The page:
U.S. Border Patrol and the Department of Homeland Security Science and Technology Directorate (S&T) conducted 11 days of exercises and demonstrations in August in Sweetgrass, Mont.
The field test simulated illegal border crossings and evaluated portable, surveillance technologies that provide situational awareness capabilities with the hybrid communications network along the U.S./Canadian border. The network helps U.S. Custom and Border Protection track and prevent border crossings.
Technologies tested include #Small_Unmanned_Aerial_Systems (#SUAS) designed for border security operations, and #Team_Awareness_Kit (#TAK), a federal open source map-based phone and computer application with #GPS tracking capabilities and real-time collaboration.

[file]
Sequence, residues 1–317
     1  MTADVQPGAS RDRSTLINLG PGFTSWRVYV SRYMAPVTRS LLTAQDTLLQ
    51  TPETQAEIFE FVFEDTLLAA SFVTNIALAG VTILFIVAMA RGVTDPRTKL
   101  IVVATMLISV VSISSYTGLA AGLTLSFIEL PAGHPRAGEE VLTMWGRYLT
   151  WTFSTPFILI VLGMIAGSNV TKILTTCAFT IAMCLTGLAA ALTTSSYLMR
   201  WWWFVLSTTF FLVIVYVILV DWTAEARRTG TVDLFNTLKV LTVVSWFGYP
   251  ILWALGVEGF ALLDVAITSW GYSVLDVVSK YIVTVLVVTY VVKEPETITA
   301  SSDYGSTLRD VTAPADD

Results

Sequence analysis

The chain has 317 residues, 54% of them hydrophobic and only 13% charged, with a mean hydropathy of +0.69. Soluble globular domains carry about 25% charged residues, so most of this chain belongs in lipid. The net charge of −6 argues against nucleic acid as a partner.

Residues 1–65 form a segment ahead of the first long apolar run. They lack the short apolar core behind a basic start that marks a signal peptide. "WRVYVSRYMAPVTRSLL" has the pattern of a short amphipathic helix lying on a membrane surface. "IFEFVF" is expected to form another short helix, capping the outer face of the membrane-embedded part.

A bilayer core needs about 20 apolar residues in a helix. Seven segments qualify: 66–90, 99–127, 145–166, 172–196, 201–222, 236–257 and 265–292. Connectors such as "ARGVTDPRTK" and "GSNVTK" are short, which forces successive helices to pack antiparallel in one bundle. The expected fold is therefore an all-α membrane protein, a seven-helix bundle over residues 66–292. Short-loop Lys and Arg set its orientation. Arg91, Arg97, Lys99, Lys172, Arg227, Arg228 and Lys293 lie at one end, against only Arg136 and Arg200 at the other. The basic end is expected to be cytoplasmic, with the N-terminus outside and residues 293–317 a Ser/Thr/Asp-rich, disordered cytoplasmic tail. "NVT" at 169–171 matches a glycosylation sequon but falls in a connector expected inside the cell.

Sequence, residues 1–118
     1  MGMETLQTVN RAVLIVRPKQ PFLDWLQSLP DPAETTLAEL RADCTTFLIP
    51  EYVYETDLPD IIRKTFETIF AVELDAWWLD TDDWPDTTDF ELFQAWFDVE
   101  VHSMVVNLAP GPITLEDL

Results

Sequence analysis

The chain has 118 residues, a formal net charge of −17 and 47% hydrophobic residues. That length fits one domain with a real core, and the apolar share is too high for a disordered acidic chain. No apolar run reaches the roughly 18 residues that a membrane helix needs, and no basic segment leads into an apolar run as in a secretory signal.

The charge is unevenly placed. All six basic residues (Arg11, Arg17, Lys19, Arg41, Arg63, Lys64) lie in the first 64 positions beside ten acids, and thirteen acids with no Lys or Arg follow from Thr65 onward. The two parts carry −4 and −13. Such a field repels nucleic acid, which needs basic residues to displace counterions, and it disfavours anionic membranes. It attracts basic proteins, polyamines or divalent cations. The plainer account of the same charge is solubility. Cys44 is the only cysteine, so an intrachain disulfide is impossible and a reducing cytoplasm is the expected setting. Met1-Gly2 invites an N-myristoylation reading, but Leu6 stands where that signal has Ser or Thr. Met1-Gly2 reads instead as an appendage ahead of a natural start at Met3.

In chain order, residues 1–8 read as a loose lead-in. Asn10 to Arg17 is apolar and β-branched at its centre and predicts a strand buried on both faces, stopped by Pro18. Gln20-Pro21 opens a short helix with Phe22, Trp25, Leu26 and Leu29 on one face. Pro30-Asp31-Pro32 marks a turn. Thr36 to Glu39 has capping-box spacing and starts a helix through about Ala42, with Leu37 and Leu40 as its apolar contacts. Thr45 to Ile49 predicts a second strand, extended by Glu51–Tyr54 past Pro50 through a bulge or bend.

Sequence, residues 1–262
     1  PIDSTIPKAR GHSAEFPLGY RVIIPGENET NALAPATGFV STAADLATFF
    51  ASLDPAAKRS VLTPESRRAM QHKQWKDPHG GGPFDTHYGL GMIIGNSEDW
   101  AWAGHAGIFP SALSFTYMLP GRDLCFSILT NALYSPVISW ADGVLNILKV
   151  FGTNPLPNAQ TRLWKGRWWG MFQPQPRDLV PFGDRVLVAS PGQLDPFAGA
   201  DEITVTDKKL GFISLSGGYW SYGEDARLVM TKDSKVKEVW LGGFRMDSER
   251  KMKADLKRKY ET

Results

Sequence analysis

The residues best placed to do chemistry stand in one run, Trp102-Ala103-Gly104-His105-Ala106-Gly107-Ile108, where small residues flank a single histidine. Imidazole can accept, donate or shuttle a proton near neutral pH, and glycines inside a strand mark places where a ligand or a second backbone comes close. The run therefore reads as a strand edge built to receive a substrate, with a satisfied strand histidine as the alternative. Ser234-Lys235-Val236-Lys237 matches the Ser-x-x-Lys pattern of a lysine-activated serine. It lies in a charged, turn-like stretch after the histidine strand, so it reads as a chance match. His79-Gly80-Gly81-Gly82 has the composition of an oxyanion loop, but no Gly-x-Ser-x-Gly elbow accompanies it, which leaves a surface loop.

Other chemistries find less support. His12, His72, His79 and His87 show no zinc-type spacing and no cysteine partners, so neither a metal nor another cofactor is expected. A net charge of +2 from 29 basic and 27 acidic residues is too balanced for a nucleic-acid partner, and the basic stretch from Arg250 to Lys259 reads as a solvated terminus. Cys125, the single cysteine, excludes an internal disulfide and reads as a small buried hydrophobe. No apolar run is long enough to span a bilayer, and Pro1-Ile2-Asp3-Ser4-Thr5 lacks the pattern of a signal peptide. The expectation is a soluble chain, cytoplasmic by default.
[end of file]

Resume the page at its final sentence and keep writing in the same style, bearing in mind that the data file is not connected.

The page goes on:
“The demonstrations at the #Havre_Sector_Field_Experiment showed that communications tools like man-portable surveillance, autonomous surveillance towers, short-range surveillance sensors, SUAS, TAK, and satellite communications are both cost and operationally effective,” Shawn McDonald, S&T program manager, said. “Equally important, they are agile and scalable and serve as significant force multipliers for our agents along the northern border. Once these tools are deployed on a wider scale, our agents will be able to expand all their communications networks, simultaneously monitor remote lower-priority areas of the border while physically monitoring high-priority areas and immediately and effectively deploy resources to areas that need them most.”